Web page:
Before I go any further, I want to be quite clear that this is not going to be another "Why I'm quitting Facebook" diatribe.
I'm not going to beat my chest and tell you that I've suddenly discovered aeons of extra time that would otherwise be used for trawling through the malaise of acquaintances' lives. Nor is this a tally of shutdown figures or about the loss of privacy and human interaction that the world's biggest social network usually provokes from its naysayers.
It is none of those things because, as I've found since knocking my Facebook account firmly on the head last month, there are already thousands of bloggers, journos and Twitterers tapping away on exactly that topic.
Gleefully wiping your hands clean of Facebook has become a small industry in itself. A quick Google search along the lines of "Leaving Facebook" will yield tens of thousands of articles and op-eds on the subject, and reams of virtual high-fives from commenters yeehawing on the prescience of the writer's decision.
It's quite incredible. I don't think MySpace or any of those other precursors to "the" social network ever provoked such explanations. Perhaps there's room for a banal new genre of memoirs to appear on bookshelves in the future, sporting emotive titles such as "Why I Quit Facebook: A Life In Pictures".
But this trend speaks volumes about the role of the 21st-century's greatest time-vacuum. Underlying a number of these self-revelations, of which some of the blog posts are written in remarkably heartfelt language, is a fear of being left out or left behind.
When I made my own fateful clicks to online oblivion, there was a concern about what I'd be missing out on - not so much the self-shot, "me-in-a-nightclub" brand of updates, but more the feeling that the faces of friends and family could whisk into my daily life at any moment.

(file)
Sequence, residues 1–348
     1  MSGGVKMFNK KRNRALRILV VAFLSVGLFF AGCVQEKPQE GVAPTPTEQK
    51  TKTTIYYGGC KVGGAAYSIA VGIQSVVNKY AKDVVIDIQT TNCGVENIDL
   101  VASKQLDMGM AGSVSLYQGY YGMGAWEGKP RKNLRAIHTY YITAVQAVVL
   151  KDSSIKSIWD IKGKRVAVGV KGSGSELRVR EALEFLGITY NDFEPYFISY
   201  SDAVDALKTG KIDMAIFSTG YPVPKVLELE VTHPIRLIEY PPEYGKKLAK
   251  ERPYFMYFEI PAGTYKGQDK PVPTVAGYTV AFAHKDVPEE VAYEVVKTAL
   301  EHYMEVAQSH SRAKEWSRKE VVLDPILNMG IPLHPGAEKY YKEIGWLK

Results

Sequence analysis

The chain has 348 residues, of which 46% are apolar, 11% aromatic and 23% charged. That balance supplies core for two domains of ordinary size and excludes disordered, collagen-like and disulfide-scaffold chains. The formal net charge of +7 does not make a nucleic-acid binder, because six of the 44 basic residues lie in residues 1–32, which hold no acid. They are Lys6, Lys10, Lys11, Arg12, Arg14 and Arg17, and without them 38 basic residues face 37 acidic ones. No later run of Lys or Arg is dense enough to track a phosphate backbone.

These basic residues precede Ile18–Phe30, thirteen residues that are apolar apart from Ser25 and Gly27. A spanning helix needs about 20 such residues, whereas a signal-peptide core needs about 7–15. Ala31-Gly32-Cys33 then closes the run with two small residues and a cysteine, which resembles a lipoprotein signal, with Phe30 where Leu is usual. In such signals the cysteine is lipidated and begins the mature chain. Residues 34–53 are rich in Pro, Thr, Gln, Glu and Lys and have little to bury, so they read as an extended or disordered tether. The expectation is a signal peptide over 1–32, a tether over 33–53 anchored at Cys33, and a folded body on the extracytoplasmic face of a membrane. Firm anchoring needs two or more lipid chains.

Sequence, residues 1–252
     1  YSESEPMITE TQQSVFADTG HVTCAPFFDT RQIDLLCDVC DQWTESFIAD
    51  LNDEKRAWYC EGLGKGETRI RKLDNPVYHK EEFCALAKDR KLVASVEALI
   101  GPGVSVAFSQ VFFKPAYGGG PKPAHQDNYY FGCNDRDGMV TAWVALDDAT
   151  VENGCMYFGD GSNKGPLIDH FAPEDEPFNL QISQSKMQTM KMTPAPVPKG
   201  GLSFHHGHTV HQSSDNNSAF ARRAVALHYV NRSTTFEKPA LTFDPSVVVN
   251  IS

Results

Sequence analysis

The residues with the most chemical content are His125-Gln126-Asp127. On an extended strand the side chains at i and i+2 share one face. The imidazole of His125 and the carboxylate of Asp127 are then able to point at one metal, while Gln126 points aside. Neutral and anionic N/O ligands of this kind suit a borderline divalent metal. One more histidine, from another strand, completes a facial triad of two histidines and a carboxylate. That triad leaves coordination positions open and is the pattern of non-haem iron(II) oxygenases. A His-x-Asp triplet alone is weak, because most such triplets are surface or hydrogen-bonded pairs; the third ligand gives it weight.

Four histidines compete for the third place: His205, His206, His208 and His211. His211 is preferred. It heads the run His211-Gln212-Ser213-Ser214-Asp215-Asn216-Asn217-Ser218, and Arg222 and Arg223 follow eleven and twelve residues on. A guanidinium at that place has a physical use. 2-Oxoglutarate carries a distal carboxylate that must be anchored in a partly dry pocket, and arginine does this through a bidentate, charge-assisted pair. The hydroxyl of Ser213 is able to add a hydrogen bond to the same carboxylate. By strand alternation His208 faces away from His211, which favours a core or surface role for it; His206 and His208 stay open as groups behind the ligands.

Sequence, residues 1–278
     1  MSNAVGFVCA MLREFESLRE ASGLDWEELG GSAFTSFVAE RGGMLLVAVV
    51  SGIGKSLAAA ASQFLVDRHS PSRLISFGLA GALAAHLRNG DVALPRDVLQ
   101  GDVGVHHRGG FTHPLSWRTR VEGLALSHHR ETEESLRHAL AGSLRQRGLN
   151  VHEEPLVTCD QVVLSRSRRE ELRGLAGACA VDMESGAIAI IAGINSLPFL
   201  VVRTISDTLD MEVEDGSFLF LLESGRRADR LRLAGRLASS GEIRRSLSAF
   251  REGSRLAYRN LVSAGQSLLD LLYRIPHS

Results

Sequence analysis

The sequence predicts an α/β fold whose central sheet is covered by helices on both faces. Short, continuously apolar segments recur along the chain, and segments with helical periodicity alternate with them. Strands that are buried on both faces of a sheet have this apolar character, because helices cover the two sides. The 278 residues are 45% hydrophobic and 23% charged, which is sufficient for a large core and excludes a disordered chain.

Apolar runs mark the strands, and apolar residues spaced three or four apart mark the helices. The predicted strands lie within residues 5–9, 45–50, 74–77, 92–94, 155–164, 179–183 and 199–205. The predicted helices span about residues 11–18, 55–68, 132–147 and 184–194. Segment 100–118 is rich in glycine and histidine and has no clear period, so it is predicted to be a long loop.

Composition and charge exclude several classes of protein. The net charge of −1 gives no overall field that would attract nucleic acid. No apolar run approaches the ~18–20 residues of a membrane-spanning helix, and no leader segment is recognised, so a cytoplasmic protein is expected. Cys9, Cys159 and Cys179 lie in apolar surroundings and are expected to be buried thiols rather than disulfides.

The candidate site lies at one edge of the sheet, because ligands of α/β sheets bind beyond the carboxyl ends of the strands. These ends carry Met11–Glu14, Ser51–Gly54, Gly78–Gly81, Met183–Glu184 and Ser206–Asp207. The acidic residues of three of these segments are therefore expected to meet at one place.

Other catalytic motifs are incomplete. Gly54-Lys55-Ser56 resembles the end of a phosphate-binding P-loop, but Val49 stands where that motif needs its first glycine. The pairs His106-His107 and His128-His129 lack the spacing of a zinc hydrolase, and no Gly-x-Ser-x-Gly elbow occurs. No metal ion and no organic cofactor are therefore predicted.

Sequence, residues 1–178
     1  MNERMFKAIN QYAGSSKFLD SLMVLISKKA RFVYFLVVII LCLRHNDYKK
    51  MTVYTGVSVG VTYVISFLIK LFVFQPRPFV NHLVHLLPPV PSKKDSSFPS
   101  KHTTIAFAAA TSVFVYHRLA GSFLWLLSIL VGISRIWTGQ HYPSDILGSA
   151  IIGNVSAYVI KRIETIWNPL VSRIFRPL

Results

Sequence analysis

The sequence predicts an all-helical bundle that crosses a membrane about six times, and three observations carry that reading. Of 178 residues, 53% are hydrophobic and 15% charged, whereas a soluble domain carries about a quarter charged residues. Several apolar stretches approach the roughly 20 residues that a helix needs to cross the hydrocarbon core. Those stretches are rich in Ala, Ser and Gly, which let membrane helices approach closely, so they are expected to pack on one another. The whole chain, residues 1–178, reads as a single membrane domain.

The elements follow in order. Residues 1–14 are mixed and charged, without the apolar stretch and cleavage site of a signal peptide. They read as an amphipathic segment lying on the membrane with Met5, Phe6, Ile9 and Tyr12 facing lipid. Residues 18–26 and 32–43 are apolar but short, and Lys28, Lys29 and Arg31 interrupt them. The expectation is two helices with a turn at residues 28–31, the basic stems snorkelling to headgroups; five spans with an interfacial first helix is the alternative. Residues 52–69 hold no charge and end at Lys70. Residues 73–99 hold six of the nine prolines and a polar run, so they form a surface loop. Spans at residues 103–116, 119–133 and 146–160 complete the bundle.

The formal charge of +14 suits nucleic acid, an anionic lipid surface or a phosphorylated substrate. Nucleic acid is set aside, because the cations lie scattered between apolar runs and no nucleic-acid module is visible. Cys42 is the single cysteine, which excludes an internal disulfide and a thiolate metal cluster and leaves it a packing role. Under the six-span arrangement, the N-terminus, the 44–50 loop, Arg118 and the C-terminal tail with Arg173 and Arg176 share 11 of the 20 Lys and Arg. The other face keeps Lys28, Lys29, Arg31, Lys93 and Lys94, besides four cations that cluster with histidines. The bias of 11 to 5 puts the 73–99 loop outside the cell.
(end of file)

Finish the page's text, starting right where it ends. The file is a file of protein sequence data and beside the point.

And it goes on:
I will say this: quitting Facebook leaves a little hole - a void once occupied by wandering clicks in a moment of distraction.
But it's a hole that would never have existed had I not set up an account in the first place. With jobs that are increasingly solo and freelance-esque affairs, and involve more time squirrelling through the annals of the internet, Facebook is the internet answering back in a familiar tone. That, in part, is the caution that I think underpins some of those post-FB blogs. Many read as justifications that a switch-off doesn't have to equate to isolation.
Whether in real life or life lived on the internet, we all need a bit of reassurance. Putting something online and receiving a barrage of "Likes" is all part of that. For that same reason, getting rid of Facebook has become a little social network in itself.
The new-found void is a pleasant, proactive one that, after this, I won't be using to read or write about what used to fill it. Logging off doesn't mean being left behind, provided you don't stare into the dust for too long.